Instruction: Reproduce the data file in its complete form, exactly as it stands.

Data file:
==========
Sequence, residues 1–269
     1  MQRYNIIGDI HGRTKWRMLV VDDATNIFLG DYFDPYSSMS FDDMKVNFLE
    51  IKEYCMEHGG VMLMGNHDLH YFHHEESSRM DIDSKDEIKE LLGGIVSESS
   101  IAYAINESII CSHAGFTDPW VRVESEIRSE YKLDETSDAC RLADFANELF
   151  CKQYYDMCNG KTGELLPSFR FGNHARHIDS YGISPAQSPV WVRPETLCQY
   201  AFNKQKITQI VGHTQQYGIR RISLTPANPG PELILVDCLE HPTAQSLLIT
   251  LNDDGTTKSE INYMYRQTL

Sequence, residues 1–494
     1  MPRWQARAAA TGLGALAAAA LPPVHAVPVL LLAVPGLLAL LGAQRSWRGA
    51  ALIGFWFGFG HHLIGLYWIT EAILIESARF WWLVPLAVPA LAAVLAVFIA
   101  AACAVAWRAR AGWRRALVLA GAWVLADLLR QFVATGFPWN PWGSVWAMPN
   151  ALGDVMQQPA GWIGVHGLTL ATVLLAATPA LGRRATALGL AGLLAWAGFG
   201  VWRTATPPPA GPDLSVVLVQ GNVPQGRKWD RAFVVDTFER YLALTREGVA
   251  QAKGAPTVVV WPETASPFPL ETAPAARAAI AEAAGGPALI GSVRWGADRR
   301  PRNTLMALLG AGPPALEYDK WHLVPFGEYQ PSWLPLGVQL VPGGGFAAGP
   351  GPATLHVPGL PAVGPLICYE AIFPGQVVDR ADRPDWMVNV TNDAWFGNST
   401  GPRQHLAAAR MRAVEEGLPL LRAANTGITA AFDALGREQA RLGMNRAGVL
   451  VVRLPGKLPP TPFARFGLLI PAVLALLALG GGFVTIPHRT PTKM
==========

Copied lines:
Sequence, residues 1–269
     1  MQRYNIIGDI HGRTKWRMLV VDDATNIFLG DYFDPYSSMS FDDMKVNFLE
    51  IKEYCMEHGG VMLMGNHDLH YFHHEESSRM DIDSKDEIKE LLGGIVSESS
   101  IAYAINESII CSHAGFTDPW VRVESEIRSE YKLDETSDAC RLADFANELF
   151  CKQYYDMCNG KTGELLPSFR FGNHARHIDS YGISPAQSPV WVRPETLCQY
   201  AFNKQKITQI VGHTQQYGIR RISLTPANPG PELILVDCLE HPTAQSLLIT
   251  LNDDGTTKSE INYMYRQTL

Sequence, residues 1–494
     1  MPRWQARAAA TGLGALAAAA LPPVHAVPVL LLAVPGLLAL LGAQRSWRGA
    51  ALIGFWFGFG HHLIGLYWIT EAILIESARF WWLVPLAVPA LAAVLAVFIA
   101  AACAVAWRAR AGWRRALVLA GAWVLADLLR QFVATGFPWN PWGSVWAMPN
   151  ALGDVMQQPA GWIGVHGLTL ATVLLAATPA LGRRATALGL AGLLAWAGFG
   201  VWRTATPPPA GPDLSVVLVQ GNVPQGRKWD RAFVVDTFER YLALTREGVA
   251  QAKGAPTVVV WPETASPFPL ETAPAARAAI AEAAGGPALI GSVRWGADRR
   301  PRNTLMALLG AGPPALEYDK WHLVPFGEYQ PSWLPLGVQL VPGGGFAAGP
   351  GPATLHVPGL PAVGPLICYE AIFPGQVVDR ADRPDWMVNV TNDAWFGNST
   401  GPRQHLAAAR MRAVEEGLPL LRAANTGITA AFDALGREQA RLGMNRAGVL
   451  VVRLPGKLPP TPFARFGLLI PAVLALLALG GGFVTIPHRT PTKM